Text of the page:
BJU is well-known for its fine arts programs. Not only do students study the arts, but they also have opportunity to be a part of concerts, Shakespearean plays and award-winning musicals. On Friday, Jan. 31, the top soloist musicians in the University’s music programs will showcase their talent in the Concerto/Aria Concert.
Concertos and arias are pieces of music designed to showcase a soloist. Concertos are primarily written in three movements for solo instrumentalists with orchestral accompaniment. One example is Rachmaninoff’s Piano Concerto No. 3. An aria, according to Merriam-Webster, is “an accompanied, elaborate melody sung (as in opera) by a single voice.” One of the most well-known arias is “La Donna è Mobile” from Verdi’s Rigoletto.
BJU’s Concerto and Aria Competition gives music students the opportunity to perfect a piece of literature from one of these genres. The winners from each category—string, brass, percussion and voice—showcase their talent in the Concerto/Aria Concert the year following their success.
Depending on the selected literature, the winning musicians perform with either the University’s Symphony Orchestra or the Symphonic Wind Band. The 2020 concert will feature the following winners of the 2019 competition alongside the orchestra: Nathan Gardner, trombone; Katie Taylor, violin; Erin Hansen, harp; and Rachel Christenson, soprano. Daniel Leedy, tuba—also a 2019 winner—will perform with the Symphonic Wind Band in April.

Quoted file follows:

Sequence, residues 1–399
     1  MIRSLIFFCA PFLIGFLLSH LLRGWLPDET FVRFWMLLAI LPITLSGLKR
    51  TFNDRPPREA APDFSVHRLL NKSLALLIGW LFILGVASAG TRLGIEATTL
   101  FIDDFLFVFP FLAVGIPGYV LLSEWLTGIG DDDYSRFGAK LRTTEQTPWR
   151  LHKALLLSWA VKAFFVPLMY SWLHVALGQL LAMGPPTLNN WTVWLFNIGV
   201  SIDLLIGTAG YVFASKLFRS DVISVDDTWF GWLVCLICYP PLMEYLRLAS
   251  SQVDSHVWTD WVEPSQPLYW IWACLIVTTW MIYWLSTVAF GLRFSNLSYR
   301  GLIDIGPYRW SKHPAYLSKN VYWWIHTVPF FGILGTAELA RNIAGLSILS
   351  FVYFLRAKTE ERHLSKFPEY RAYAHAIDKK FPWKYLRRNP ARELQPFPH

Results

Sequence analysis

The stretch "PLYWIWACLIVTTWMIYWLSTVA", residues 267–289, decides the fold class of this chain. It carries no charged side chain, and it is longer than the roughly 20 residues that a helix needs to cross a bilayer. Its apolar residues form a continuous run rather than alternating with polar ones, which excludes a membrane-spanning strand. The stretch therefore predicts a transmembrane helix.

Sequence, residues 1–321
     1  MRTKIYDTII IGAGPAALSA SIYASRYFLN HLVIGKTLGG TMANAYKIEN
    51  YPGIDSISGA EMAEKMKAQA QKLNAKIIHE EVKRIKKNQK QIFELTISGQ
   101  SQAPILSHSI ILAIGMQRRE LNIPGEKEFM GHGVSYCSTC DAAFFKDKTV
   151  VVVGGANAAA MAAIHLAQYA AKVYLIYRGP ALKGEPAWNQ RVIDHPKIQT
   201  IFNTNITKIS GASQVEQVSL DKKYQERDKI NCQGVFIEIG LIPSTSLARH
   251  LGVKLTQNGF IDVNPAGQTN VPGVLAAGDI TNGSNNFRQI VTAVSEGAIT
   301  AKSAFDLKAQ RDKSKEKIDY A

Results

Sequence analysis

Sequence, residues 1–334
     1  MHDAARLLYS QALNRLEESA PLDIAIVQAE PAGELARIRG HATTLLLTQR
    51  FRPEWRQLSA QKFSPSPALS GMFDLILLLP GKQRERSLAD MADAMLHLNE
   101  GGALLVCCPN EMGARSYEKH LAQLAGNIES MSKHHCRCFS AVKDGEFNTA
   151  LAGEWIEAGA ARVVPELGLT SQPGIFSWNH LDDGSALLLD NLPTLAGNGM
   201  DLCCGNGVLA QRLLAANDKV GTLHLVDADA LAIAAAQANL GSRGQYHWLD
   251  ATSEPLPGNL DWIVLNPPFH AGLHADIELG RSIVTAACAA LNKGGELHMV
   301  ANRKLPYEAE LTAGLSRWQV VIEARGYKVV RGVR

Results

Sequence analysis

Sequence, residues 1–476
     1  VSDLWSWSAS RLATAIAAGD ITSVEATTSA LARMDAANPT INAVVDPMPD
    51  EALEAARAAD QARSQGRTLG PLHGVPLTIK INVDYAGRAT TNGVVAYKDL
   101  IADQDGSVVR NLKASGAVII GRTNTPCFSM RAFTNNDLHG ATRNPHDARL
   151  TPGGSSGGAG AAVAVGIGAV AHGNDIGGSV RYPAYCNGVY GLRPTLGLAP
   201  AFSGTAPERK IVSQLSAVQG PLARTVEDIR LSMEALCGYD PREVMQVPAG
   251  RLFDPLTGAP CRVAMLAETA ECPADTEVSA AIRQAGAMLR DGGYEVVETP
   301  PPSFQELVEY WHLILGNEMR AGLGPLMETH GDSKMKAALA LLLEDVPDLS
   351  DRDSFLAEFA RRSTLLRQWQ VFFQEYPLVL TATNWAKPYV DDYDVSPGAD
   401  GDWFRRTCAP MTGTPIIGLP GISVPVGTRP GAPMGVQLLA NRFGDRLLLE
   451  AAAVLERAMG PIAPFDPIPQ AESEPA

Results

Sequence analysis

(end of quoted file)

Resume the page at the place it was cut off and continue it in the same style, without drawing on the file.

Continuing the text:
Paul Jantz, who organizes the competition, said that the students who compete are held to “a bigger commitment of preparation due to the memory and literature demands” than the students competing in the annual music contest. However, the bigger commitment, he said, “offers the potential of a bigger reward and bigger value to the student.”
Unlike the annual music contest which is open to all students, the Concerto and Aria Competition is open only to students enrolled in private music lessons. Also different from the annual music contest, contestants in the Concerto and Aria Competition must memorize their pieces. Plus, the selected literature must be accompanied by either orchestra or band.
Dr. Michael Moore, chair of the Division of Music, mentioned that the orchestra members also benefit from performing the concertos and arias in the concert. He said, “It allows us to hone a specific skill set. It’s different from playing a symphony. It’s different from playing an oratorio or a choral accompaniment. There’s a lot of give and take that has to go on. It’s a different kind of playing than we’re doing for the April concert, which is Beethoven’s Symphony No. 6.”
The Concerto/Aria Concert begins at 7 p.m. Friday, Jan. 31 in Rodeheaver Auditorium. The performance is free and open to the public.